Top 5 Traditional EMBA Programs
1. HEC Paris
2. University of Chicago Booth School of Business
3. The Wharton School of the University of Pennsylvania
4. IESE Business School
5. MIT Sloan School of Business
- Online EMBA: Online EMBAs are hyper-flexible and can be taken by students all over the world – some of them offer hybrid class options. Online EMBAs are a great choice for someone who may not have access to quality in-person classes or does not have enough time to commute.
Top 5 Online EMBA Programs
1. Duke University Fuqua School of Business
2. University of Virginia Darden School of Business
3. Swiss School of Business and Management Geneva
4. IE Business School
5. UCLA Anderson School of Business
- Specialist EMBA: These are EMBA programs that may have a specific concentration on one area. Sustainability, international business, or even STEM concentrated programs are available.
5. Personal Attention and Global Emphasis
Something that differs between a normal MBA and an EMBA is that the latter is more personal. There are only so many executives in the world, and with programs being so expensive these programs are small and so each person gets a much higher degree of individual attention. EMBA programs commonly have one-to-one sessions. They also offer catering, travel and lodging packages.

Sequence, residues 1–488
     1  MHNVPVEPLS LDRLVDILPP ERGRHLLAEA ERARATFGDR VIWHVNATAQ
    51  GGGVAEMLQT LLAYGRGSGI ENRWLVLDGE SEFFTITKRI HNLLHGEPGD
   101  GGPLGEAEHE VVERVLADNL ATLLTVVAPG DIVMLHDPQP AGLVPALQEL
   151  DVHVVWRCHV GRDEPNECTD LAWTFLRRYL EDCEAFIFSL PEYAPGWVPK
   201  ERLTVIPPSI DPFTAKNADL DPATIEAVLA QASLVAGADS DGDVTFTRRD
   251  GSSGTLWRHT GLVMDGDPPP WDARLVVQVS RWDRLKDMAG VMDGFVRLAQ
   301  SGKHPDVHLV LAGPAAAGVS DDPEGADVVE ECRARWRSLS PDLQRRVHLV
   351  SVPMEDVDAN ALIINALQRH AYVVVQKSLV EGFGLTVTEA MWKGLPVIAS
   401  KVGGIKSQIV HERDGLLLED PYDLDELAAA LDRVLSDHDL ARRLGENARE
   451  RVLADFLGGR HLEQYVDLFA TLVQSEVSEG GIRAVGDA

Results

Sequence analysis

Some EMBA programs even have global options, in which students can spend time abroad during the program. Or these EMBA programs will bring in professionals from around the world and can provide programs in which EMBA students interact with other EMBA students transnationally. These interactions can serve as networking opportunities.
6. EMBA Return on Investment
You may be wondering how valuable the EMBA is. Can it really change your career and job outcomes? Yes, it can. The EMBA on average costs about $80,000 dollars a year, with some of the most prestigious EMBA programs costing upwards of $120,000 dollars. Obviously, these programs are extremely expensive, but many companies will sponsor employees to earn an EMBA and, if they don’t, scholarship opportunities for EMBA programs are plentiful.
The cost may even be worth it as on average EMBA graduates from the top 100 schools saw their salary increase by 57% three years after graduating, with an average 14% increase in salary immediately after graduating. And according to EMBAC (Executive MBA Council) after graduating 39% of EMBA students receive a promotion.
The EMBA is a great way to help push your career further. With a variety of courses catering to the interests of business professionals, it can help further one’s own knowledge in a field they may not be familiar with. Though for many EMBA programs either an EA or GMAT score is needed for admission. Here at Apex, we have world-class tutors that can help you get into your desired EMBA program. Learn more now by scheduling a complimentary call with our tutors.
Contributor: Lukas Duncan